Unfortunately, there aren’t many people who actually choose to go to a DO (osteopathic) school for medical school. There still is a stigma about having a DO after your name. There’s a sense that many, if not most, who end up at a DO school go there because they couldn’t get into an MD school. I’m one of the few people I know of who chose to attend a DO school over MD programs. I’ll tell you why I did:
Osteopathic Medicine Philosophy
I had an average MCAT score, so I wasn’t turning down Harvard to attend a osteopathic medical school. However, I did interview and get offers at several allopathic (MD) universities. After visiting and researching the schools, I found that none of them offered what I wanted most: a medical school that had at its forefront a mission to serve people, each with a unique dignity and purpose.
The first thing that comes to mind when people think of osteopathic medicine is that it’s more “holistic.” For many, this word evokes the false perception that DOs practice some kind of alternative medicine. That’s not why osteopathy attracted me.
What drew me in was the philosophy that osteopathic doctors treat all dimensions of the patient: mind, body, and spirit. I had grown weary of modern medicine’s empiricism; for me, it too often manifests as a lack of compassion. Osteopathic medicine seemed to have an answer. As I researched the profession, this idea of treating the whole person – of gaining a deeper understanding of their lifestyle and environment, not just their symptoms – struck me.
School Location and Feel
Location is certainly a luxury that not all applicants can afford to consider, but for my wife and I it was very important. Being close to family provided me with the ultimate support system going through medical school. Looking back, I appreciate even more how invaluable it was for me to have been a mere twenty minutes away from family.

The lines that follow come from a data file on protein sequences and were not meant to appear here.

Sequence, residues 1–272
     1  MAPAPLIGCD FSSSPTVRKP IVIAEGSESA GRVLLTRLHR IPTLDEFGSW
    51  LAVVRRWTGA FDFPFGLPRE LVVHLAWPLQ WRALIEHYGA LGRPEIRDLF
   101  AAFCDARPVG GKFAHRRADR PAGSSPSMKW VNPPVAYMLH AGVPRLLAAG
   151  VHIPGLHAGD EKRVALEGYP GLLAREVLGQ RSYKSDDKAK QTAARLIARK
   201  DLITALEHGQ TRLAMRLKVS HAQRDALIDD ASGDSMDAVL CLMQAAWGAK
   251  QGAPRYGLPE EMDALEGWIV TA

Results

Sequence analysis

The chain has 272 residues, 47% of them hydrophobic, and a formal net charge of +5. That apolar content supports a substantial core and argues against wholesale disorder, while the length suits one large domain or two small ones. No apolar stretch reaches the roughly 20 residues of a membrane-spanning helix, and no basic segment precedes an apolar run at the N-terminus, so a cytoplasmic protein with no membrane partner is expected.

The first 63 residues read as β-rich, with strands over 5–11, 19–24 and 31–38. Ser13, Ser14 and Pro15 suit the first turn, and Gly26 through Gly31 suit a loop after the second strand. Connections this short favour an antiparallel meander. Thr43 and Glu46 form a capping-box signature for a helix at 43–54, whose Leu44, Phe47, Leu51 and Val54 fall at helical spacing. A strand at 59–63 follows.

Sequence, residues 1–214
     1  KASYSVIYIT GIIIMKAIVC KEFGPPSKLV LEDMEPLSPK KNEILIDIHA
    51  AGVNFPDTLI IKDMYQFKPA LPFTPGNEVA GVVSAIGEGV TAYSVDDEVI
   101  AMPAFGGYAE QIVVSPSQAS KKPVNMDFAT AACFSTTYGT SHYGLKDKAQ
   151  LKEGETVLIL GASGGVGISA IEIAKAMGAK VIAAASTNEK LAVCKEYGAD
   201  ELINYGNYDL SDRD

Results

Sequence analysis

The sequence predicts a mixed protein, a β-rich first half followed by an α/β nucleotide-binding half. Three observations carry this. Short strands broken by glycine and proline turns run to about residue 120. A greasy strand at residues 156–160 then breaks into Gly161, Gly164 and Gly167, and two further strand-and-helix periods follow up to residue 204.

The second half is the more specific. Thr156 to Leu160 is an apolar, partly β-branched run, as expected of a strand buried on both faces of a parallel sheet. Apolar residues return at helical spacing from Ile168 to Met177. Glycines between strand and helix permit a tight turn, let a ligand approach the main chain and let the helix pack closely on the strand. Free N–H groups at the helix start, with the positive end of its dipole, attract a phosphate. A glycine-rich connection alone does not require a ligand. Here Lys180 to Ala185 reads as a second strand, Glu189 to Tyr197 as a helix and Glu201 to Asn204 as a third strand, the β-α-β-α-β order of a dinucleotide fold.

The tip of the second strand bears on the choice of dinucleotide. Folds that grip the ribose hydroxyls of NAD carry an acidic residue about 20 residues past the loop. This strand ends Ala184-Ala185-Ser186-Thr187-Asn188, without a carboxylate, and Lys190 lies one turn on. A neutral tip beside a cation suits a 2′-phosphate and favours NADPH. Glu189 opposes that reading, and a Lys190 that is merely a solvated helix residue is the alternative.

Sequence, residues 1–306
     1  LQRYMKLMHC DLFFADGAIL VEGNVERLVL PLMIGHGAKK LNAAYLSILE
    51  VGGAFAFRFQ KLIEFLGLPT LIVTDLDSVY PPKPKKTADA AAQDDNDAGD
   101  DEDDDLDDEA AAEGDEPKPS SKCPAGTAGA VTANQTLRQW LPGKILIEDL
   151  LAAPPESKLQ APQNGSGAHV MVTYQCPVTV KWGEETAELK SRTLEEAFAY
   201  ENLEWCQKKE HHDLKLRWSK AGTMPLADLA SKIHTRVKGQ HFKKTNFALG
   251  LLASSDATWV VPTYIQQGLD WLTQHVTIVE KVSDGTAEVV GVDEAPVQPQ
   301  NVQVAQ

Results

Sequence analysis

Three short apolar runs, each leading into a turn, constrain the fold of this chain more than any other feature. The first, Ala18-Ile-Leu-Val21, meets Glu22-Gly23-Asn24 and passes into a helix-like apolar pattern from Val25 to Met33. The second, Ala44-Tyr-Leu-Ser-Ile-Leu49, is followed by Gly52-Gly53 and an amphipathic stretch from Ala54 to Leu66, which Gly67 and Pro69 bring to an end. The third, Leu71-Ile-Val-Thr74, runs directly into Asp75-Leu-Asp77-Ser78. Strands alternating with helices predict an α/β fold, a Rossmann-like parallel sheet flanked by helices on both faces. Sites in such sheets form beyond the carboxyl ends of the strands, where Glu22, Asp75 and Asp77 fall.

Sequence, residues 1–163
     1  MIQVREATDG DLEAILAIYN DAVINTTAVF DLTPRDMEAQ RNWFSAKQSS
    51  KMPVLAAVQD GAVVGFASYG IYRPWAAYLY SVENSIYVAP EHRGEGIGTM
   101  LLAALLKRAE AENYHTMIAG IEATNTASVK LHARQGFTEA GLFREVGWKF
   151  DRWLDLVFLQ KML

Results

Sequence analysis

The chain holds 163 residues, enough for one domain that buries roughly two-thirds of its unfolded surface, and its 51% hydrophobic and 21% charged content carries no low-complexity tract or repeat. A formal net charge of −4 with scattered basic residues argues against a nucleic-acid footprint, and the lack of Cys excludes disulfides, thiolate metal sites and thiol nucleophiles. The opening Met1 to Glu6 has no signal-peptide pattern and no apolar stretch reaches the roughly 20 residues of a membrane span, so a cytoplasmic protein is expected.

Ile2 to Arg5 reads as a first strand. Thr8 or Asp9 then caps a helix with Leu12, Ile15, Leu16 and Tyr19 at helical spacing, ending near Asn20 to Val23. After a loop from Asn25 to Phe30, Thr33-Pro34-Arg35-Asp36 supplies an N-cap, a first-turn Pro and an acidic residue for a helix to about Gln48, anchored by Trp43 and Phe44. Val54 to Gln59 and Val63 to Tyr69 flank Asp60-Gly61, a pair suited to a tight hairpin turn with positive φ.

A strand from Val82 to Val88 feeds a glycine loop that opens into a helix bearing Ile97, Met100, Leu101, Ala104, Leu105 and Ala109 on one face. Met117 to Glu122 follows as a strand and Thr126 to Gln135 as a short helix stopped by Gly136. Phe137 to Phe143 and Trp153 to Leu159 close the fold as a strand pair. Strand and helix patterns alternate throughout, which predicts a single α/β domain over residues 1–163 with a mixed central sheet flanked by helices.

Another chief reason I ended up at an DO school was the feel I got while attending interview day. The campus was tucked back in a forest preserve, away from the hustle and bustle of a big city. The staff was kind and welcoming, the facilities were gorgeous. I felt at home. This subjective feeling carries a lot of weight in many people’s big decisions, as it did for me.
Calling to Practice Osteopathic Medicine
Above all, what mattered most in my decision to attend an osteopathic medical school was a deep calling to do so. I developed a strong conviction that becoming a DO was the right choice for me, and had the faith to follow through. All the major decisions I’ve made in my life have involved this type of discernment.
However strange and inexplicable a calling may sometimes be, I believe people are happiest when they follow it. This calling led me to osteopathic medicine, and I never regretted it.